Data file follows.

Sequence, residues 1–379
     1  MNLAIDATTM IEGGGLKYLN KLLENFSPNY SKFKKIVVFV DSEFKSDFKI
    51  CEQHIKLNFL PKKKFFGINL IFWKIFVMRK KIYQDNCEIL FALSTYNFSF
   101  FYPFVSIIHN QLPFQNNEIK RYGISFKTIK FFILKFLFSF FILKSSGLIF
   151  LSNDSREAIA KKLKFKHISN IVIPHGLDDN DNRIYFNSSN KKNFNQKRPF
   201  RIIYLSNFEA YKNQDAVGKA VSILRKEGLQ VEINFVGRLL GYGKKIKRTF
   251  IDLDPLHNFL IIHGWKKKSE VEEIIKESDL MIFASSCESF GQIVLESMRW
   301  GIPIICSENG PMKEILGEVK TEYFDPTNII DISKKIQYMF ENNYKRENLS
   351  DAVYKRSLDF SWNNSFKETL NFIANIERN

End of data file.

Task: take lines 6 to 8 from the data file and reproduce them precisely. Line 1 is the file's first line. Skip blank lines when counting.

   201  RIIYLSNFEA YKNQDAVGKA VSILRKEGLQ VEINFVGRLL GYGKKIKRTF
   251  IDLDPLHNFL IIHGWKKKSE VEEIIKESDL MIFASSCESF GQIVLESMRW
   301  GIPIICSENG PMKEILGEVK TEYFDPTNII DISKKIQYMF ENNYKRENLS